Sammy gets shot and the only one brave enough to do something is Daniel who runs in and grabs his brother. The helicopter comes, Elaine, Paul and Sammy are away. But this time reading it is all so clear. Sammy dies. It’s over as Elaine says. The final, sudden lines as they pull up into the blue blur, as they disappear.
Homes also gives us the Montgomerys. The family with their own tragedy. Catherine Montgomery, the mother. Her son attacked a woman. She died. The silence Catherine Montgomery causes is the most horrible part to Elaine. The pity. The looks. It is a fear in all of us. It is a shadow of what Elaine’s life would be after the book. When she is standing outside the school in the final pages she looks around: ‘at the front of the crowd, Elaine sees Joan with Catherine Montgomery – their expressions frighten Elaine.’ If Homes were to return, retreat again to these characters, I imagine Elaine to be the woman who causes the silences at the party. I imagine that being the next part of her story, still asking – who am I?
Five favourite quotes:
‘She thinks of Paul, of Pat, Bud Johnson, the cop. Everyone is fucking her, everyone is getting what they want except Elaine – Elaine wants relief, and Elaine wants attention. She wants someone to respond to her, not because they get something out of it, not because it fills some pathetic need of their own, not because they want something back, but just because…’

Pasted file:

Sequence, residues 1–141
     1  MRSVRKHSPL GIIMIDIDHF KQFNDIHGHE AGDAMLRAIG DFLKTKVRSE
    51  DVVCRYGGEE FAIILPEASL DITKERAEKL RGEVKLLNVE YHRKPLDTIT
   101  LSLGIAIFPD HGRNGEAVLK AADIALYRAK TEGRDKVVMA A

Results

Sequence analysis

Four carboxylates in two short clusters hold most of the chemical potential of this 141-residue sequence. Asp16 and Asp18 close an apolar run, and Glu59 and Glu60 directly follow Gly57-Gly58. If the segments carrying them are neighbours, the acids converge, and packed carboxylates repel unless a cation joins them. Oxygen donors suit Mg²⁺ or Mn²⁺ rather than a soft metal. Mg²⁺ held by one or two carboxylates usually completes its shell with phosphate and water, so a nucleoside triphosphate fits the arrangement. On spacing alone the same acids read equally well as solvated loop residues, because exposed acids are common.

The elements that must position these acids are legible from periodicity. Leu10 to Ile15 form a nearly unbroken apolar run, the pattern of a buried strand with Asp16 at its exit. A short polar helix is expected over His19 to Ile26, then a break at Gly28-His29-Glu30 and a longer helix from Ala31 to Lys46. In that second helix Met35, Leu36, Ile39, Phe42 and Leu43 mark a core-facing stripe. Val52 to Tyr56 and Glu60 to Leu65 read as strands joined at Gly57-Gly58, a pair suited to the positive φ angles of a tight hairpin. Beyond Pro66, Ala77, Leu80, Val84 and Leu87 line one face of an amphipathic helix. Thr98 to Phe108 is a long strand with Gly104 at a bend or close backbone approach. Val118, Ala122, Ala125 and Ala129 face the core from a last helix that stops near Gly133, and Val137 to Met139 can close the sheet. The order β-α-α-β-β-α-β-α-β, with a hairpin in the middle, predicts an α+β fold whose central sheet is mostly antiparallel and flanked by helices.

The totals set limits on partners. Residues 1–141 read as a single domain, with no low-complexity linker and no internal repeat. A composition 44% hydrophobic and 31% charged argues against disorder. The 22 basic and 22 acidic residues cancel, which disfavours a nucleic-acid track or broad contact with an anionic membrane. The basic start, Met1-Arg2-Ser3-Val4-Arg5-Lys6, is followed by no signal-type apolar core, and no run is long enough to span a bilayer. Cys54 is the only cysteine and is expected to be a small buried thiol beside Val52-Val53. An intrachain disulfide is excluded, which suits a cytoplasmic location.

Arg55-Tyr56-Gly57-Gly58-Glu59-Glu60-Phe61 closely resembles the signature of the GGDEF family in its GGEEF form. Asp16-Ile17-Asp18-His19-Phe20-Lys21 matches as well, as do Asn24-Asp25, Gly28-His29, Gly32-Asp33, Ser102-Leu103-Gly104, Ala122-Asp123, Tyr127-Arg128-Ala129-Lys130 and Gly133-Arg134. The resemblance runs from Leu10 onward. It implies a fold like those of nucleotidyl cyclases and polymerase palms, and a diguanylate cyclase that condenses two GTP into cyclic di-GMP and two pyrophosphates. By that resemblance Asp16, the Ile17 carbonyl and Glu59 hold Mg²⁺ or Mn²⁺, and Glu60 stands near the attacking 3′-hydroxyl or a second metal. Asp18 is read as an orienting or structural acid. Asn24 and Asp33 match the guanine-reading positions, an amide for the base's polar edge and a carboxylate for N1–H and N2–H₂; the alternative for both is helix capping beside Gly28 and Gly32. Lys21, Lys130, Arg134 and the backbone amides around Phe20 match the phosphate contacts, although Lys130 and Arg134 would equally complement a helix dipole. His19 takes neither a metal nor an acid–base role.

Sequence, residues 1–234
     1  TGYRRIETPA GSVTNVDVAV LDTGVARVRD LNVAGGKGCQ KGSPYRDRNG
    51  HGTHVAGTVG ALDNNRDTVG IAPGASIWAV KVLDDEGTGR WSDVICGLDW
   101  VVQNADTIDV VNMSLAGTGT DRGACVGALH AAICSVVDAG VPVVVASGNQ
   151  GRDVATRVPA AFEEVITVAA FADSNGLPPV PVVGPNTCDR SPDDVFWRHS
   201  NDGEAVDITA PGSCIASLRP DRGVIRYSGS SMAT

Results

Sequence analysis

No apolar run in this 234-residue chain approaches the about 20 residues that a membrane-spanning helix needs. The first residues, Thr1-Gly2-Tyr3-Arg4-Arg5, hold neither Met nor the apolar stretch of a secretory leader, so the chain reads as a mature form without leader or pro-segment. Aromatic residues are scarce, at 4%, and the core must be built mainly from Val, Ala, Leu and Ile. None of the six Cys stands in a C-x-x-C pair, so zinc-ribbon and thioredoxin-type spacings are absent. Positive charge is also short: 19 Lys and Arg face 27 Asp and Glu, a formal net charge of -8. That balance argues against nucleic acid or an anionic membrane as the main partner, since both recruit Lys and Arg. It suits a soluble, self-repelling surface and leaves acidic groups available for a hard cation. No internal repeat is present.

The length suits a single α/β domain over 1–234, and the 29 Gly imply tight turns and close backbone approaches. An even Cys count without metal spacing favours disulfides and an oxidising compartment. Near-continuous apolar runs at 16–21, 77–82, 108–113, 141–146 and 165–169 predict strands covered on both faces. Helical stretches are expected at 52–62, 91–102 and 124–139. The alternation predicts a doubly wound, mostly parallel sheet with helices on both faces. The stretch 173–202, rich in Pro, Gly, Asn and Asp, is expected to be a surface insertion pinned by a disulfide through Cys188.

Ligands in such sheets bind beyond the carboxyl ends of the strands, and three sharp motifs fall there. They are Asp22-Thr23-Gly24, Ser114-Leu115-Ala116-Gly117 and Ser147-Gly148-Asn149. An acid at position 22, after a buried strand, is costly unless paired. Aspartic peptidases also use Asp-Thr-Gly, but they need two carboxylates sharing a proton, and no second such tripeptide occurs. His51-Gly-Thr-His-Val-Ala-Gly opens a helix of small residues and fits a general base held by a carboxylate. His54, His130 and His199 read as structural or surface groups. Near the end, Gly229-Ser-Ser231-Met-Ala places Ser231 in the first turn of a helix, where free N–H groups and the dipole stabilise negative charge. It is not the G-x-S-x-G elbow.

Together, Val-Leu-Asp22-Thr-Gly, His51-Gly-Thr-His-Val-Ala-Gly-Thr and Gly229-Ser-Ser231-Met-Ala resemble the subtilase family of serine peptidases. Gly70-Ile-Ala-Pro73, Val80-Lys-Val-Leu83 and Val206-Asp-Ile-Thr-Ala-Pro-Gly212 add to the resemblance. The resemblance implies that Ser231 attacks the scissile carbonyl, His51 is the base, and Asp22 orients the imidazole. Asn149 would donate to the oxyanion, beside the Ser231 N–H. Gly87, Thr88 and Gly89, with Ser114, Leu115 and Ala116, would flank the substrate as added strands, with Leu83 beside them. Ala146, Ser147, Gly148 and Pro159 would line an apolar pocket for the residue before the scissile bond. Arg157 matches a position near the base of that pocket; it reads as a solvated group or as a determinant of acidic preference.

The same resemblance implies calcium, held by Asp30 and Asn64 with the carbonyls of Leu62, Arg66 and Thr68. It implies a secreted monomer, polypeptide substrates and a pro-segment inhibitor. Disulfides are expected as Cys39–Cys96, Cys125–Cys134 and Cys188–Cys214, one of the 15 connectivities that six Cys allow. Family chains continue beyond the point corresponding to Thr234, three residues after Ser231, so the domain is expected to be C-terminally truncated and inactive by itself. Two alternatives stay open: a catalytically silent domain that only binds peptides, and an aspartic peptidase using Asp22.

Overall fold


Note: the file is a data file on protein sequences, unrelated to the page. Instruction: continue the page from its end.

‘She sees Paul chasing her, not knowing why she is running, why he is chasing her, except it is instinct to catch her, to drag her back.’
‘At their house things don’t go like this; nothing is easy; it’s every man for himself, each hoarding what little he has, each wanting his own, each wanting some thing different. They speak in the defensive. They wait for disappointment. They constantly accumulate proof of having been let down, misunderstood, unappreciated. They are a tense and bitter lot, and haven’t even noticed it until now. Compare and contrast; the differences are so revealing.’
‘Paul doesn’t say that when he went into the house and Elaine wasn’t there, he was worried that she’d left for good. He doesn’t say that he doesn’t know what they would do without her. Paul doesn’t tell Elaine that he’s aware that almost anyone else would think it’s a perfectly lovely Saturday but that he’s scared, absolutely petrified, and he doesn’t know why. Instead he says, “Phone rang a little while ago and I didn’t get it.”’
‘“Everything. I want everything, all the best, and you should want it, too.”’
Thomas Stewart is a Columnist for Litro NY and has had his fiction, poetry and essays published at The Stockholm Review, The Cadaverine, Storgy, Vada Magazine, Anomaly, Agenda Broadsheet, among others. His debut poetry pamphlet, 'Creation' is forthcoming from Red Squirrel Press. He has an MA in Writing from the University of Warwick and a BA in English from the University of South Wales. He enjoys folk music, horror films, suburban fiction, watches, cooking, patterned jumpers and beat poetry. He is afraid of the dark.